Then I made a huge mistake. We wanted the rest of the house to have water while we finished work in the bathroom. I had installed shutoff valves placed where the sink and toilet would go so we could turn the water back on while these were shut off. The only problem was that I forgot to close the shutoff valve where the toilet was going to go. When I went to the basement to turn the water supply back on, it started raining down from the upstairs down into the living room from the ceiling. Oh my! Kiley was in her car seat getting rained on because we were ready to head out for some well deserved dinner after a long day of work. Well, I ran back down to the basement to shut off the water and we spend a half hour toweling off the bathroom floor, the couches, and the living room floor. Yuck.
With the plumbing run, we also ran new electrical wire up the same wall that we had run the new pipe. With new wires, we could rest easy knowing that there would be no concerns of a fire or the wire failing somewhere in the wall. We put the section of tub surround back up and then took on the wainscoting job. We liked the look of the wainscot in our downstairs bath, and it would hide all the holes in the walls I had to make to run the plumbing and wires. The tough part about wainscoting and all the trim associated with it is the miter cuts involved. Nothing in a house is square, even new ones, but this old house was terrible. I had a miter saw on the floor of the bathroom so I could make cuts multiple times to get it right. The trick to putting up wainscot is to have a gap between it and the floor of a few inches. This will ensure it can be made level at the top, regardless of how un-level the floor is, and the gap will be hidden by the baseboard. We also had to take care to cut it just right where one wainscot piece would line up with the next piece so the seam wouldn’t show.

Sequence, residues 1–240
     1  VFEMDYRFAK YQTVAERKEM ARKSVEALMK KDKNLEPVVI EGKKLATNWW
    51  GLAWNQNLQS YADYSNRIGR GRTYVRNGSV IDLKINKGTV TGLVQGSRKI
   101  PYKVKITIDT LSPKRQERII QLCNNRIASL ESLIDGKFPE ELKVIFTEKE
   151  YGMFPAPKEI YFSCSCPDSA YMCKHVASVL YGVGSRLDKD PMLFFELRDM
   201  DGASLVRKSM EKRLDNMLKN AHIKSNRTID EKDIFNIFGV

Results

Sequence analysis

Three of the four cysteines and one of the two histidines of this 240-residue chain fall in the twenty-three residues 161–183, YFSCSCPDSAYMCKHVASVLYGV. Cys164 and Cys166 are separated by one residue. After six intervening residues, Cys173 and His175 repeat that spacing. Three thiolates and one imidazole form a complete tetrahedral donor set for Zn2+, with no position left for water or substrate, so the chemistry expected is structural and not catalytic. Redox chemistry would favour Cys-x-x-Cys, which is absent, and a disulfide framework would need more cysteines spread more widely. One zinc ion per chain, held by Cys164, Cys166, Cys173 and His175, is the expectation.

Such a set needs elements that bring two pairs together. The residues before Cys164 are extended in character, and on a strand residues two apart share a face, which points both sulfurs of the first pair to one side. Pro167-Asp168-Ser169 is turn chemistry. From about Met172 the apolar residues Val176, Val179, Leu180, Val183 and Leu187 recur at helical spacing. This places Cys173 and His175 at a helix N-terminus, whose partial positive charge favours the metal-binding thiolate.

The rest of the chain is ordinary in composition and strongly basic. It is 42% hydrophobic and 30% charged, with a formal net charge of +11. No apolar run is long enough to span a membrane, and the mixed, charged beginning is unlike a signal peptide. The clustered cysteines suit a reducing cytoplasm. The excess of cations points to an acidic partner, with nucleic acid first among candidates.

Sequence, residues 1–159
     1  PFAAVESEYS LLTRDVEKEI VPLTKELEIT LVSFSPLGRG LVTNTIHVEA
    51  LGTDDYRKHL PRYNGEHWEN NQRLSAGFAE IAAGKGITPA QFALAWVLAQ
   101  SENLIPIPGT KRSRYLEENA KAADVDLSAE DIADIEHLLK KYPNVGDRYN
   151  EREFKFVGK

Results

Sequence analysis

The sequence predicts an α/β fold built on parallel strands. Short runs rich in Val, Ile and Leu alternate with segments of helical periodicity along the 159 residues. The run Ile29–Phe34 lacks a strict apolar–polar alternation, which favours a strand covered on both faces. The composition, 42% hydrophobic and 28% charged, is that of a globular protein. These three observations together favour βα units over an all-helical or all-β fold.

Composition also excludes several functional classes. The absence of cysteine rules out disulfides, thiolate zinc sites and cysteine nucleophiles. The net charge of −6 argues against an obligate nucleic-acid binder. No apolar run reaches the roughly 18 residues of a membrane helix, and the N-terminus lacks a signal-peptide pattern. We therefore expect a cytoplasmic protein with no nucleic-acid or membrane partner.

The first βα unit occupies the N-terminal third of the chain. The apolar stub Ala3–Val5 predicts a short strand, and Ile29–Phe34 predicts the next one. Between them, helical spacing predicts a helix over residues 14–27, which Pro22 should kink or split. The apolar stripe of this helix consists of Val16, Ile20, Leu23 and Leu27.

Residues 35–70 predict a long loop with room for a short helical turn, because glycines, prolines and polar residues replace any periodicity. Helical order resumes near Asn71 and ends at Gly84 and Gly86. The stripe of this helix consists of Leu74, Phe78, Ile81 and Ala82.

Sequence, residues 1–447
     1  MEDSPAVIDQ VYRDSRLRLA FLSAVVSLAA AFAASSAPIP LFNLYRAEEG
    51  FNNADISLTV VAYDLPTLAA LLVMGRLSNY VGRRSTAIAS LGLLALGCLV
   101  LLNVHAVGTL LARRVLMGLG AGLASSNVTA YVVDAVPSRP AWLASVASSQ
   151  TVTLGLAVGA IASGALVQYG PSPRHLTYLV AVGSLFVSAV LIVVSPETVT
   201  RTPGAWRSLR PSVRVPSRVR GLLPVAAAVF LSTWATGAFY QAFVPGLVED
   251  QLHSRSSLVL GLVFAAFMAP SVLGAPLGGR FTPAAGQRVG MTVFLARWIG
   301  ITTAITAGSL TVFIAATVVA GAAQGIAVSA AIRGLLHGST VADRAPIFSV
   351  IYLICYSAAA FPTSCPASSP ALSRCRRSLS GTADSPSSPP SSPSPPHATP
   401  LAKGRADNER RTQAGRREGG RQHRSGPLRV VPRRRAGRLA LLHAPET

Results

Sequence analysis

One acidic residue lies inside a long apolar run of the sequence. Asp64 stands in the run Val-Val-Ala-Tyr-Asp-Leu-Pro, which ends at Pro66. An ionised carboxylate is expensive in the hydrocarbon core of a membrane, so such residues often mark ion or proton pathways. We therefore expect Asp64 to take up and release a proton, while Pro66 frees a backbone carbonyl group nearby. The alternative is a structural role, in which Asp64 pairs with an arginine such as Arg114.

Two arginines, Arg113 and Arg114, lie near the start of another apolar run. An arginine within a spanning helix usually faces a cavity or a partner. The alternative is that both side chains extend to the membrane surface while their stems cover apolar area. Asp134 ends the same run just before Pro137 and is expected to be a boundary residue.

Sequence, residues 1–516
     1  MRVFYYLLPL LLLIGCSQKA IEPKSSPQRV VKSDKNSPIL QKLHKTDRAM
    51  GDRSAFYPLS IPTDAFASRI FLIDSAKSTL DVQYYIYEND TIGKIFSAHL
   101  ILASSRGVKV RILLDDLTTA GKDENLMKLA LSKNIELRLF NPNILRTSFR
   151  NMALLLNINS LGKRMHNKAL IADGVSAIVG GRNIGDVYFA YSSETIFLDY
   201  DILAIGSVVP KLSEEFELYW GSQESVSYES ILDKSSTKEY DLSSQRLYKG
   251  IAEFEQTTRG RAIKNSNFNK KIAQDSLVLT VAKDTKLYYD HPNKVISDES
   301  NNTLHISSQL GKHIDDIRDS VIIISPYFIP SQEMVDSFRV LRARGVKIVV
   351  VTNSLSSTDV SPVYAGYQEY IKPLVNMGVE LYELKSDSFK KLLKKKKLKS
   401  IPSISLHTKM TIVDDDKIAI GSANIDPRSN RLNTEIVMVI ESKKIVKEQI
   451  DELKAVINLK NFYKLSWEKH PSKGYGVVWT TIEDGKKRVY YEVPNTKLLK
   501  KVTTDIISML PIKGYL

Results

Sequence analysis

With all that up, we cut the baseboards, shoe mold, and chair rail trim pieces. A bad tub install years ago allowed some plywood the tub was sitting on to show where it butted up against the hardwood floor. Our baseboard wasn’t thick enough to hide the plywood, so I put an angled piece of crown molding where the tub met the floor. This both looks nice and covers the section of plywood that used to show. Then we bought a new tub/shower fixture kit and it makes the shower look awesome. The shower head is great and the tub faucet, shower handle, and drain piece round out the shower to make it look as good as new. No more scale and rust!
The vanity and toilet were huge headaches, for sure. The vanity needs to sit flush against the wall, but I had installed baseboard and shoe mold. I painstakingly had to chisel out those trim pieces so the vanity and sink would sit up against the wall. Then, the toilet we bought covered up the floor marks from the old toilet, but it bumped into the back wall. Bummer! We bought a new toilet that would fit, but it didn’t cover the marks on the floor from the old toilet. Laura had to sand down, stain, and then polyurethane the floor in that area to hide the old marks that now show with the smaller footprint toilet.
We installed a new light fixture and then put trim around the mirror over the sink. Most mirrors just sit on the wall with little clips, but we wanted to jazz things up a bit and hide the clips. Chiseling out little notches for the clips, we placed trim around the mirror and that makes it look a lot better than just a piece of glass on the wall. Fresh paint on the walls above the wainscoting, matching paint on the ceiling, caulk over all the wood seams, and super glossy paint on all the trim, including around the door and window rounded out the remodel. We also added two pictures from our London vacation to give the room a personal touch.
It was rewarding work and I think it will pay off when we sell the house. This bath won’t be as nice as the one we are moving into, but it’s still a great bathroom and we are enjoying it immensely. I finally have that monkey off my back and the bathroom no longer taunts me from upstairs. In the end, I think it actually appreciates all the love we poured into it. We certainly learned a lot while redoing this room. Being an old house made the work a lot harder than I thought it was going to be and I don’t wish that type of hard work and pain on anyone! To see pictures of the whole project, just click the picture above.